I am positive that somewhere in the world the 15th of August is important to someone. It could be a wedding day, birthday, first day of a new job, the date of someone’s death or the birth of a new baby. To someone somewhere, something about this date will either create a new memory or bring back old memories. For me it was a posting on Facebook that today is National Lemon Meringue Pie Day. I then remembered that the 15th of August was my parents’ wedding anniversary, and the mention of lemon meringue pie sparked another memory of something I had written a couple of years ago about lemons and this date. It’s not that I’m living in the past because I have been working very hard at keeping the past where it belongs, in the past. But memories are funny creatures that can grab you and not let go until they are finished with you. Good story or not I have to go with it because the memories and the feelings those memories evoke won’t let me go until I do.
Dad had been admitted to the hospital a few days prior to their wedding anniversary August, 1982. The Doctors hadn’t exactly said what was wrong with Dad, they mentioned asbestos poisoning, TB, pneumonia but nothing definite. I knew, I’d known since the first time I went to visit with him after he was admitted. I knew as soon as I entered his room but I couldn’t or wouldn’t allow myself to say the word; to admit to myself or anyone else what was wrong. I remember entering his room that first day and asking what was that smell. No one else in the room smelled anything different other than the usual hospital smells. It’s weird I know, people can’t smell cancer but I did that day. I didn’t say anything, I just buried the knowledge and fear deep inside and refused to accept what I knew.
August 15th came and I baked a lemon layer cake with lemon filling and whipped cream topping. The family gathered together and we celebrated Mom and Dad’s 29th wedding anniversary in the hospital lobby by the elevators. I also remember how much Dad enjoyed that lemon cake. When the Doctor gave Dad and the family the diagnosis I wasn’t shocked like everyone else. Looking back I believe Dad, too, had known all along what was wrong.
That memory led to another, of how I prayed nightly, asking God to heal my Dad and not let him suffer. Every night I prayed and hoped and waited for my prayers to be answered. When Dad died a short 8 weeks later I was angry, so very angry, another layer of anger added to what I already held buried deep inside. I stopped praying, stopped going to Mass, stopped believing. I held my anger to me like a shield keeping grief, sorrow and guilt away. I pulled back from the people I loved most because I didn’t know how to deal with what I was feeling and I didn’t believe I was deserving of their love. You see, I didn’t believe I was good at showing love. I had learned to hide and bury my feelings so I wouldn’t say or do something to hurt others that I’d later regret; like I had been hurt. I felt guilt for all the times through the years that I was angry with Dad for the hurtful things he’d said and done. I felt regret that I’d never get the chance to actually speak with Dad about those times and ask him why, to be able to understand why. Though I never heard the words I believed Dad loved me. I could see it in his eyes, especially at the end, he loved us and didn’t want to leave us. I loved my Dad but I never said the words to him either and I carried that guilt too.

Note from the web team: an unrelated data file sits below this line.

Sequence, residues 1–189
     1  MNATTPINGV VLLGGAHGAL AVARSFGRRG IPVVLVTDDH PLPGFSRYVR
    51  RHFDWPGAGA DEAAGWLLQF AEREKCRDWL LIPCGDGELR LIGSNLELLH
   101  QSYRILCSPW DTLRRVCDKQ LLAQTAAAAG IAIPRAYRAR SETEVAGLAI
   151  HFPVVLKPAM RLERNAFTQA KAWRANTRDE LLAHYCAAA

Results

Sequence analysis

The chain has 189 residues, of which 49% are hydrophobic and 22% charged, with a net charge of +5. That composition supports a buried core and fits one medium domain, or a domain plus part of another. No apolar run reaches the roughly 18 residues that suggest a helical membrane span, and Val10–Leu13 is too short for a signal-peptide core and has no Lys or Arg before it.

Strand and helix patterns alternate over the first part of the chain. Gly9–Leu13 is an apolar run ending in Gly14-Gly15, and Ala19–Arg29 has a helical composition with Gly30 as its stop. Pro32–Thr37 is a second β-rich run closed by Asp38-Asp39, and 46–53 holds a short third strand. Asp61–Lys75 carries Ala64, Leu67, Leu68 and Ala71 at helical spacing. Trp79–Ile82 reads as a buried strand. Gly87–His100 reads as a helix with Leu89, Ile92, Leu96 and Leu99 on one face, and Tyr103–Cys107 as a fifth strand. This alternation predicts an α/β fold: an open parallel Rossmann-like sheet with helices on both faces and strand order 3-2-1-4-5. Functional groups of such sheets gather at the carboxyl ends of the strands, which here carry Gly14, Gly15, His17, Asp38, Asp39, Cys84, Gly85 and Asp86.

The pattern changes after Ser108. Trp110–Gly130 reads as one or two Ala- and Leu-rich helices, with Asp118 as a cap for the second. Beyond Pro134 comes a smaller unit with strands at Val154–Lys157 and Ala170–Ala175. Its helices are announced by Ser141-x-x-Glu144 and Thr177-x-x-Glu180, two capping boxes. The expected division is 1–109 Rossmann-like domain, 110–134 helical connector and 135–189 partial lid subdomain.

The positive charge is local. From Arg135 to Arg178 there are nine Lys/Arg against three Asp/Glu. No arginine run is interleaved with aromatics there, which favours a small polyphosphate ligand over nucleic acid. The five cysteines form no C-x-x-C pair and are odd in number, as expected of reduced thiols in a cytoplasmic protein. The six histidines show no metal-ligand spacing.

It took several years but I was finally able to see the truth. God had heard my prayers and He did answer my prayers. It was just not in the way I wanted but in His way and in His time. Dad’s illness lasted a few short weeks and for that I should have been and am now grateful. Dad was able to die where he wanted to be…at home. I am ashamed to admit that it was a very long time before I was able to express that gratitude to God but I know He understands. Perhaps memories sometimes serve the purpose of helping us see things clearly, at a later time, when we’re better able to understand those things which are incomprehensible at the time.
At the age of 63 I am still a work in progress, imperfect but still making progress slowly but surely. I remember telling my sons when they were much younger that parents aren’t perfect, they’re human beings and will make mistakes. Being a Mom and Dad doesn’t mean you’re always right in everything you say and do. When I said that to my boys I can’t help but wonder if subconsciously I already understood that included my Dad too. That understanding has helped me to begin letting go of things I’ve held on to for far too long. Words have power and you shouldn’t be afraid to use that power when necessary. I’m sorry, forgive me, I love you. Simple words that can make such a difference to someone, especially those you love…and that includes ourselves. It’s still not easy for me but I try to give hugs more often and say “I love you” more often. Regret isn’t easy to live with, I know this, so I try to always remember that hearing the words is important too.
It’s funny how the mention of the word lemon and the date, August 15th, can stir so many memories and feelings. The difference is this time it’s with a much lighter heart.
All rights reserved. I hope you enjoyed my story but please remember it’smy story so no using or copying any content in any manner without the express written permission of the owner…me.